2. Investment grants for more efficient pumps, electric motors, ventilation and compression systems, etc.
  3. A program that has all sectors of the economy, including utility companies, bid against each other on measures to save electricity, with the aim of increasing investment in energy-saving technology.
  4. A pilot project aimed at promoting digital energy meters that can easily tell users how to save energy themselves.
  5. A public information campaign aimed at reducing the use of heat and electricity by consumers, businesses, and government (which will include a movie on the topic of energy efficiency).

Make no mistake – the German energy quandary is not a simple nut to crack.

Nonetheless, if policy initiatives like these pan out, there are going to be some nice investment opportunities – €17 billion in just four years is no laughing matter – in what is a rapidly expanding energy efficiency segment, both in the generation and usage of power.

I’ll be following this, and any opportunities it opens for U.S.-traded companies, closely, right here in Oil & Energy Investor.

P.S. While Germany is trying to move away from nuclear power – by (unintentionally) replacing it with imported nuclear power from France – many other countries are doing the opposite. In fact, 65 nuclear reactors are already under construction, and another 515 are in the planning stages. This is creating a 20 million pound supply gap in one key element – and presents you with three distinct, urgent investment opportunities. To see my full analysis, click here.

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  1. Malcolm Rawlingson
    June 3rd, 2016 at 19:43 | #1

    A very perceptive article Kent. German energy policy is pure smoke and mirrors. Let me say that I am generally in favour of solar and wind energy….where it makes practical sense. Solar power in desert areas where the Sun shines most of the day and for most of the year makes good sense to me. Solar power in cloudy Northern countries like Germany where the amount of sunshine is low for most of the year makes no sense at all.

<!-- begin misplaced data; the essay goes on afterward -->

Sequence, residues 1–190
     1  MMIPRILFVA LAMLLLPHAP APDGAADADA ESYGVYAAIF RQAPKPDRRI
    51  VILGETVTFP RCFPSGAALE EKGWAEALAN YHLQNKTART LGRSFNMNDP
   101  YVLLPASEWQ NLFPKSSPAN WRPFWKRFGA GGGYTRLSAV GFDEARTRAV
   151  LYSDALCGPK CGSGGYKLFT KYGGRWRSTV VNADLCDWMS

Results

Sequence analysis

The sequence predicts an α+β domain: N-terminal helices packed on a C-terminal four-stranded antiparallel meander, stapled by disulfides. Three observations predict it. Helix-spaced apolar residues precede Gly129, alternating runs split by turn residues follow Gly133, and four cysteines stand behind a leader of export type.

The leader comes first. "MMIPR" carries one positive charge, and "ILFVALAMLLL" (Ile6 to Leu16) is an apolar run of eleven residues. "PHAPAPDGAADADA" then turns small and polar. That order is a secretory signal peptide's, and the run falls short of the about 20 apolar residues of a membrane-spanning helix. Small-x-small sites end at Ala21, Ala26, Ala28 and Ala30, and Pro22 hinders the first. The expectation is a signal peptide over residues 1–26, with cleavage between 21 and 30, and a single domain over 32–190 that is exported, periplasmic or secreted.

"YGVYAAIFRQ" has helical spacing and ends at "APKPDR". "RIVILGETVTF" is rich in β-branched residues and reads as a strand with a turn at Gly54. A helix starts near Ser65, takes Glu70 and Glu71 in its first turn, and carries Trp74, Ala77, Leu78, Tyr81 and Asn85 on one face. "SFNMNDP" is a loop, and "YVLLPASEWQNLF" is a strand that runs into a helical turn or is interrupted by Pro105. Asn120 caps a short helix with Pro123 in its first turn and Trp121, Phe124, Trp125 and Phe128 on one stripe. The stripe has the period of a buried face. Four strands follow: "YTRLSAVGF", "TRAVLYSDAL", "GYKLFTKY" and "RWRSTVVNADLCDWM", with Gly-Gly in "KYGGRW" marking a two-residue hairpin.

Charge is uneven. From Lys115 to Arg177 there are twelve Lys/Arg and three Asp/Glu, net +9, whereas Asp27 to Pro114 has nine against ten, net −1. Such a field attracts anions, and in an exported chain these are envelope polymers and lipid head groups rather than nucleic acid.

France is not the only nation from which Germany imports nuclear generated electricity. The Czech Republic also sends many megawatt hours of nuclear generated electricity into Germany. Angela Merkel is a complete hypocrite when it comes to her nuclear policy – and I believe it will be the undoing of the German economy.
    I have been in the nuclear energy business for 44 years and counting and you cannot replace the energy density of uranium with anything else. Distributed energy sources such as wind and solar have their place but its not Germany.
    Spending 17 billion Euro’s on energy efficiency sounds like a laudible thing to do…and it is except someone has to pay that money back and it will not be from energy savings.
    The real driver is nothing to do with nuclear power but everything to do with the fact that most of the gas for heating homes and buildings comes from Russia. Merkel cannot say boo to a goose as far as Ukraine is concerned because she risks Putin shutting the gas valves.
    THAT and not nuclear phase out is what is driving this policy.
    The folly of German Energy policy will gradually erode the German economy. When driverless electric cars hit the streets in a big way Germany will not have the electricity capacity to supply them neither will it have adapted its car industry quickly enough to take advantage. Its entire economy is built around gasoline and diesel engines and those are now going to be obsolete relics of past times in a few years.
    You should take a look at Ontario Canada Kent. These are the policies that are working. The first step was to make the electricity system carbon free. That is nearly done. Hydroelectric power and nuclear power with wind and some solar produce the lions share of electricity in the Province. Natural gas using combined cycle technology (65% efficient) allow for peaking power. The next step is to electrify the transport systems. Rail electrification is coming soon and electric car incentives will hasten the adoption of electric vehicles in the Province. Ontario stopped burning coal in 2014. Germany is burning more coal than every before. Our way – based on nuclear base load works. Germany’s way based on smoke and mirrors does not.